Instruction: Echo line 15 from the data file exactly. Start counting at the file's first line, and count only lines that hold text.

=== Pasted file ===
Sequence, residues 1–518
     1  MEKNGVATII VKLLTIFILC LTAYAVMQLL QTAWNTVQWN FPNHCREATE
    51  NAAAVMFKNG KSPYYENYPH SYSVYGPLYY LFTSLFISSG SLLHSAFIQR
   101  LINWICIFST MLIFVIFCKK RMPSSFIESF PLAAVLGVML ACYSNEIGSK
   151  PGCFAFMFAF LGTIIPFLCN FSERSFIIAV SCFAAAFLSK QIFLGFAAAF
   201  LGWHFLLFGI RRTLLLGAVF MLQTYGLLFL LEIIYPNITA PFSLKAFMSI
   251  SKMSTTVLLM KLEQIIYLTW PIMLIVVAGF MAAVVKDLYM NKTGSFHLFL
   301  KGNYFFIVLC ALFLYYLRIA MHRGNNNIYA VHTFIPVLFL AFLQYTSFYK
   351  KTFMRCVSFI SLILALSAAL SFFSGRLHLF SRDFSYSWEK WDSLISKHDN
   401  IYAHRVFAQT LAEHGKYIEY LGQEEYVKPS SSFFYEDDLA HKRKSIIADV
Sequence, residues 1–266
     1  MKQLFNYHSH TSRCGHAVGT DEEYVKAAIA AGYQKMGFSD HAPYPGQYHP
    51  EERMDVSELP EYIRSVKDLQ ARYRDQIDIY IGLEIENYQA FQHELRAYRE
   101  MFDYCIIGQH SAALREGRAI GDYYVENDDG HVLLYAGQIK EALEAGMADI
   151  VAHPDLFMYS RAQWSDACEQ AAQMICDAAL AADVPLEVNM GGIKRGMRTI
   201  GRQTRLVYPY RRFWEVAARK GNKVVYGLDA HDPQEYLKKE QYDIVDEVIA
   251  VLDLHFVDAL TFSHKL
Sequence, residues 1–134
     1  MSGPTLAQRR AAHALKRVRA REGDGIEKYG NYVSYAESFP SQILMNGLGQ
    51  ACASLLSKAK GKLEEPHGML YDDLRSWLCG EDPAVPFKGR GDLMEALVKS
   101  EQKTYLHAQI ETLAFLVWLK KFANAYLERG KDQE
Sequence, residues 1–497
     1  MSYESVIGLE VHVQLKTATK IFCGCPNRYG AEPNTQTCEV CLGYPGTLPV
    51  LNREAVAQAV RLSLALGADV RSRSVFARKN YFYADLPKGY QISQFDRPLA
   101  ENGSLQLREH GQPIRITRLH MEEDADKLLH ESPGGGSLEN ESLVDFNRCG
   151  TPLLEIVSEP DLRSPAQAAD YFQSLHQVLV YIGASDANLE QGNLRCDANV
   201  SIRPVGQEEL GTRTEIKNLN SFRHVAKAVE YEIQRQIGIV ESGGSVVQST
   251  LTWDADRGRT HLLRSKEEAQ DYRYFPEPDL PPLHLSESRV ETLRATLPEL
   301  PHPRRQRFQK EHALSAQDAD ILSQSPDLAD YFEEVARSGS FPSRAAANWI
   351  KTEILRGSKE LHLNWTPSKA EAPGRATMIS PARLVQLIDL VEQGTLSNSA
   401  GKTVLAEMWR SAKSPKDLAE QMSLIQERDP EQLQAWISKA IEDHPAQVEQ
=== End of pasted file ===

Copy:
   151  VAHPDLFMYS RAQWSDACEQ AAQMICDAAL AADVPLEVNM GGIKRGMRTI